Geosciences and Environmental Change Science Center
The rock units and landscapes of the CHB region show considerable evidence of late Cenozoic geologic events.
Erosion and relative stability seems to mark the late Eocene-early Oligocene time period following folding and faulting of the Coalmont-Middle Park Formations. Minor remnants of fine-grained, gray, tuffaceous siltstone and lacustrine limestone are preserved in a few scattered localities in the region; these deposits are correlated with the upper Eocene-lower Oligocene White River Formation. Steven (1960) mapped more extensive White River Formation within a south-flowing paleovalley system on the flank of the Medicine Bow Mountains north of Walden.
Late Oligocene time (about 32-28 Ma) was marked by considerable volcanic activity in this area. Dikes and small stocks of intermediate, porphyritic magmas were intruded in an east-west alignment beneath what is now the Rabbit Ears range, and volcanic breccias are preserved along the western side of the central CHB. Concurrently, diverse magmas intruded the Never Summer Mountains along a north-south alignment, producing cylindrical stocks, numerous dikes, lava-dome complexes, and fairly thick erupted deposits of volcanic ash, breccias, and lava flows. This igneous suite in the Never Summer Mountains has been designated the Braddock Peak complex, in honor of Bill Braddock (late geology professor from Univ. Colorado-Boulder).
The oldest magmas in the Braddock Peak complex are alkali basalts and andesites that erupted and flowed down paleovalleys that had been carved into the basement rock. Subsequent eruptions produced dacite and rhyodacite porphyries in addition to further mafic magmas, suggesting both evolution of magma chambers and replenishment by fresh mantle melts over time. Much of this geology is described in the guidebook for a Colorado Scientific Society field trip (Cole and others, 2008). See also the Geologic map of the Estes Park quadrangle (Cole and Braddock, 2009).
The youngest magmas erupted from the Braddock Peak complex consist of high-silica rhyolite characterized by prominent smoky quartz phenocrysts. The rhyolite erupted as ash-flow tuffs (at least two discrete flow units) that are preserved at Thunder Mountain, and locally spread many miles across the landscape into North Park and areas to the north. The Thunder Mountain rhyolite ash-flow tuffs erupted at 28.0 Ma. Slightly younger rhyolite flows covered the landscape northward across Iron Mountain.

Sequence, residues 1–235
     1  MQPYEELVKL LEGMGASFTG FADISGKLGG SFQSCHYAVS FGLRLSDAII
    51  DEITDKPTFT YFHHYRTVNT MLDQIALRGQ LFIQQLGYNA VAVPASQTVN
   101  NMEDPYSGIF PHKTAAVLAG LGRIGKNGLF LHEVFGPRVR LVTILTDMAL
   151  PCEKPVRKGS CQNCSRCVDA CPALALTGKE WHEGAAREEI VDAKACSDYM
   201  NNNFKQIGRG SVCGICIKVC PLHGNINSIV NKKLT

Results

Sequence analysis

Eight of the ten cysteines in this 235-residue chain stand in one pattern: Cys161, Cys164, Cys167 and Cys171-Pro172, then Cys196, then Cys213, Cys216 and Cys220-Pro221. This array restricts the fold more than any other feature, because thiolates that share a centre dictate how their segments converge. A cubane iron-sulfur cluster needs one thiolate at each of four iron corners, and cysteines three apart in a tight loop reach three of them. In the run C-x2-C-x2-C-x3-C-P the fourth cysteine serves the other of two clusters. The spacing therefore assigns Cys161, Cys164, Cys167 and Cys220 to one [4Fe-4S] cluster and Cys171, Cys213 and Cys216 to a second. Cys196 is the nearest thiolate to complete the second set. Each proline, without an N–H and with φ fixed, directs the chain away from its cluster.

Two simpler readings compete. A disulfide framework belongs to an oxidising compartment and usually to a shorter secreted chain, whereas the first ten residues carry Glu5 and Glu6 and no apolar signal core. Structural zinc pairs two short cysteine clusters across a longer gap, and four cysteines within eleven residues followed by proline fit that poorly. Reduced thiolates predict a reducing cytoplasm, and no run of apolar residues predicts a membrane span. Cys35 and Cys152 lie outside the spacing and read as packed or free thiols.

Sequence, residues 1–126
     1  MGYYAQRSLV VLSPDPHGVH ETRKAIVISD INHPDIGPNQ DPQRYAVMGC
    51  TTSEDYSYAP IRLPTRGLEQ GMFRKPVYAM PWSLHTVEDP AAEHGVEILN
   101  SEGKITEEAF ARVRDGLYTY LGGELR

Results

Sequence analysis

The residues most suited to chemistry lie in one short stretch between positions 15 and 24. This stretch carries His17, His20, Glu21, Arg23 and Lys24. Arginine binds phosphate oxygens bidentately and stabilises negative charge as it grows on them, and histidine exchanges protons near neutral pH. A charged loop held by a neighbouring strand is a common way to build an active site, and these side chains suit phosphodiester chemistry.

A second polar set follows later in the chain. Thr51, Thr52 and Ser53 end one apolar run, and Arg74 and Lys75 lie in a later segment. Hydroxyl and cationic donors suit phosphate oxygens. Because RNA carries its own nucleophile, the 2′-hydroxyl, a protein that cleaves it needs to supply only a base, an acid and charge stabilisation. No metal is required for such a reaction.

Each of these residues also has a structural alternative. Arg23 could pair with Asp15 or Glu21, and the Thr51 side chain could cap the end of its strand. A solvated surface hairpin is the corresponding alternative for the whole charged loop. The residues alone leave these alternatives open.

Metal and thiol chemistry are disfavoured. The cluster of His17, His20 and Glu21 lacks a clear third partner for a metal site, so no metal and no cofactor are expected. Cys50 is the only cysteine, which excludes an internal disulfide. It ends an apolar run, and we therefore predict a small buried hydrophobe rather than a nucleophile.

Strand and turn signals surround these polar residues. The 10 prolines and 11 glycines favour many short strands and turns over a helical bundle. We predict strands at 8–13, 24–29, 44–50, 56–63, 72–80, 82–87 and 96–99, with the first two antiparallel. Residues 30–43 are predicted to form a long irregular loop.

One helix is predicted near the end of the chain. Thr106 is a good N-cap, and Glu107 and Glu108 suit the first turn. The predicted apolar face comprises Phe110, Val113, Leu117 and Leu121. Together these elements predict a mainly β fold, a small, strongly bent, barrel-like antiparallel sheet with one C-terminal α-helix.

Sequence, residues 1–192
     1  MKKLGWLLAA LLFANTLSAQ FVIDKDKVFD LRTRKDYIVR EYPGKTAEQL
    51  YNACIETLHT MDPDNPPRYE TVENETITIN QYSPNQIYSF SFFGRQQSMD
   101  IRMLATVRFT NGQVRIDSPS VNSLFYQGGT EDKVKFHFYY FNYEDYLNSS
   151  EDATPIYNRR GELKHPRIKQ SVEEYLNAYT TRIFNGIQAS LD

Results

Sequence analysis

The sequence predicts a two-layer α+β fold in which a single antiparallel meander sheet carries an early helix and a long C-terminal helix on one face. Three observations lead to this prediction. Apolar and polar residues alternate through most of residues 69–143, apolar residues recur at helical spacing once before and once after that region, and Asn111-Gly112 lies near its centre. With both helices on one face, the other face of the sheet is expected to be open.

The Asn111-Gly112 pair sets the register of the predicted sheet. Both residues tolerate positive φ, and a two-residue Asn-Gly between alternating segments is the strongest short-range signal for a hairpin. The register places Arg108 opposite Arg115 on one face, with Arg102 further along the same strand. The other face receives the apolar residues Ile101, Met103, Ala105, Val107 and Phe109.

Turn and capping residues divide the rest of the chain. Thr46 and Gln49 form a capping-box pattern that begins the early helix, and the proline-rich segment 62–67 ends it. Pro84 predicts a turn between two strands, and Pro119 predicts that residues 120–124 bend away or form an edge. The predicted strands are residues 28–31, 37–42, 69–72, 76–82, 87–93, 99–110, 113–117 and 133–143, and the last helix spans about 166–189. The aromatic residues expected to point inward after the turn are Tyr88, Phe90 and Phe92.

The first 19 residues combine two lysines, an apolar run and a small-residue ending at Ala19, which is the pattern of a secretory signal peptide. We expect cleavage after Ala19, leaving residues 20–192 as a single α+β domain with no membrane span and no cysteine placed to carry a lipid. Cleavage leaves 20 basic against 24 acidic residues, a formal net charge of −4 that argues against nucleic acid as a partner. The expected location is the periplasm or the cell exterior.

Volcanic and intrusive rocks of the Never Summer Mountains and Rabbit Ears Range were faulted and rapidly eroded nearly as quickly as they were being deposited. Most faults that displace these late Oligocene rocks are normal faults, and most of them have northwesterly trends. Regional uplift and erosion of the volcanic highlands (northern Rio Grande rift signal?) led to deposition of the Oligocene-Miocene North Park Formation here and northward into Wyoming. These deposits typically contain clasts of volcanic rock derived from the surrounding igneous centers.
The North Park Formation rests directly on top of the Thunder Mountain rhyolite ash-flow tuff (28.0 Ma) in North Park and contains clasts of the rhyolite, numerous other varieties of volcanic rock, and Precambrian crystalline rocks. The distribution and sedimentology of the North Park Formation shows that it was transported by energetic streams and rapidly deposited. Finer-grained deposits correlated with the North Park Formation are present northward into Wyoming in a half-graben along the North Platte River in the Saratoga Valley
The volcanic landscape probably exerted a major influence on drainage systems that evolved in early Miocene time. High-level coarse gravel deposits are preserved at various places around North Park and they seem to have formed in paleovalleys that drained the volcanic landscape. They contain similar clast assemblages as the North Park Formation and they also locally overlie 28.0 Ma rhyolite ash-flow tuff.
Post-Miocene time is marked in this area by erosion, drainage integration, and locally significant stream capture and headwater diversion. Significant young faulting is not evident, and yet the persistent height of the northern Rockies in this area (significant areas in excess of 10,000 ft) and the rapid, deep incision of most major drainages indicates young uplift.